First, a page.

Make Your Move

Make Your Move


A couple steps into my office for their first counseling session. The look on their faces is familiar: disappointment, hurt, anger… maybe even disdain. They sit on the couch, careful to leave enough space for the wall between them, and begin to present their cases. Each offers an argument that has failed them so far—accusing the other of being the primary cause of their unhappy marriage.

We will eventually need to get into the unique details of their relationship, but I already know one thing about this couple: they need to move in a new direction

Couples can be characterized by either moving toward each other, away from each other, or against each other. This couple is moving against or away, which is a natural fight-or-flight response to hurt. But they need to start using each experience of disappointment or conflict as a trigger to move toward each other instead.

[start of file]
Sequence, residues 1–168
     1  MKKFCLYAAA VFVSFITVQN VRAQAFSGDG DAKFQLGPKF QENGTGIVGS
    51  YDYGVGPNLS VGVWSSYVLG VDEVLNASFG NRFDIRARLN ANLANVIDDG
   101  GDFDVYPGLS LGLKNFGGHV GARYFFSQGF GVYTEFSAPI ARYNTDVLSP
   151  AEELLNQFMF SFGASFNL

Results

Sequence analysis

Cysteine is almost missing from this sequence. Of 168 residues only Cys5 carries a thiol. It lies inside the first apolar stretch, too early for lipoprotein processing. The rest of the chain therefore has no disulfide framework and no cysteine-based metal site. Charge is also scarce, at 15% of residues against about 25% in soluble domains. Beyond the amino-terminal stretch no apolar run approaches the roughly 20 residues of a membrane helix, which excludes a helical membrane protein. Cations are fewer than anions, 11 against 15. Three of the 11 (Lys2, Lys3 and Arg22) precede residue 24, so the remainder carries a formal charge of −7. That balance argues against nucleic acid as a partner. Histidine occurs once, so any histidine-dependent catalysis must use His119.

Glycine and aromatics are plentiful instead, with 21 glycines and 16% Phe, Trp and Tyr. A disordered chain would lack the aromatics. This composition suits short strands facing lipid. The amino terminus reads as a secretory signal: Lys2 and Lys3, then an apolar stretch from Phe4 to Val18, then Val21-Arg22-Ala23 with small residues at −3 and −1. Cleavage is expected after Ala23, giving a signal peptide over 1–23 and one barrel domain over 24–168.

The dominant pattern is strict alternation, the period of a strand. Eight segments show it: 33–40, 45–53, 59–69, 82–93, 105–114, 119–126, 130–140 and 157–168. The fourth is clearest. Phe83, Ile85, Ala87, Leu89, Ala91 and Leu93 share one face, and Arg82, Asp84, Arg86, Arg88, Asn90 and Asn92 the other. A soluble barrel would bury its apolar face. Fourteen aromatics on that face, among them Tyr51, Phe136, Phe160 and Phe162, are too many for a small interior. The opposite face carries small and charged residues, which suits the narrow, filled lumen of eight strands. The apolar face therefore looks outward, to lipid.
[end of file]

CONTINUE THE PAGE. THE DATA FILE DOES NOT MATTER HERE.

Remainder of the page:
Easier said than done, I know. When facing conflict, spouses (myself included) are naturally more concerned about winning than about finding a way to move closer together. But this kind of “win” is rarely satisfying and only reinforced a battle mentality.

On the other hand, learning to change “How can I win?” to “How can I move toward?” is a dynamic shift that drastically alters both the experience and outcome of a conflict. Self-protection gives way to empathy. Stubbornness gives way to caring. And it only takes one person to make the first move. 

Tim Tedder

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